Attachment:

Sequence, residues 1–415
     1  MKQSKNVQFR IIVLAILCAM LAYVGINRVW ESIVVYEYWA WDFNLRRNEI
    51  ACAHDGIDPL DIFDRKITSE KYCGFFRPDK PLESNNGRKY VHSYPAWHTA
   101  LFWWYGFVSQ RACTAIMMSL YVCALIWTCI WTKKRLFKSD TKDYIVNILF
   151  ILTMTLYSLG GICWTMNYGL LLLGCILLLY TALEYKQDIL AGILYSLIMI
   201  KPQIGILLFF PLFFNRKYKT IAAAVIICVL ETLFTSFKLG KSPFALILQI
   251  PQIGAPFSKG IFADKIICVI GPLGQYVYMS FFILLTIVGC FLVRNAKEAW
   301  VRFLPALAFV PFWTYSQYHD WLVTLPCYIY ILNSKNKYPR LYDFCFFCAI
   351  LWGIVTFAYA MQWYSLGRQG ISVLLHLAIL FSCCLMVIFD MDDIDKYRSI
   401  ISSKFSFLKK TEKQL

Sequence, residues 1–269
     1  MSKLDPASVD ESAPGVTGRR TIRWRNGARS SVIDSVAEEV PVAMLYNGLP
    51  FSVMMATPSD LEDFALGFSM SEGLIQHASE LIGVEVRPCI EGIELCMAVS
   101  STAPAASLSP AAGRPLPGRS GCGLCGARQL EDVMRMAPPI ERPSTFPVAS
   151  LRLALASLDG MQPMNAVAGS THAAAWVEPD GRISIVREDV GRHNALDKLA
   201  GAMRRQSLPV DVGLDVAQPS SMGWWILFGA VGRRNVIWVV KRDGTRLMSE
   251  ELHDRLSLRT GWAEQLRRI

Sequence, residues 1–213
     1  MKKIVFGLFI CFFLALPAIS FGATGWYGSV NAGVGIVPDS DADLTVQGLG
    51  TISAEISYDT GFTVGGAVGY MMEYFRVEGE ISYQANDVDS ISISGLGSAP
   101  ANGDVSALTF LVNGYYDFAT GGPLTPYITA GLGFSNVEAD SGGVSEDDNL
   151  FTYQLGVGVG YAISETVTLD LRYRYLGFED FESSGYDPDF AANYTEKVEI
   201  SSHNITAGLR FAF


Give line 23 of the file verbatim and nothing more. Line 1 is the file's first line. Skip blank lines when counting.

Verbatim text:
   201  SSHNITAGLR FAF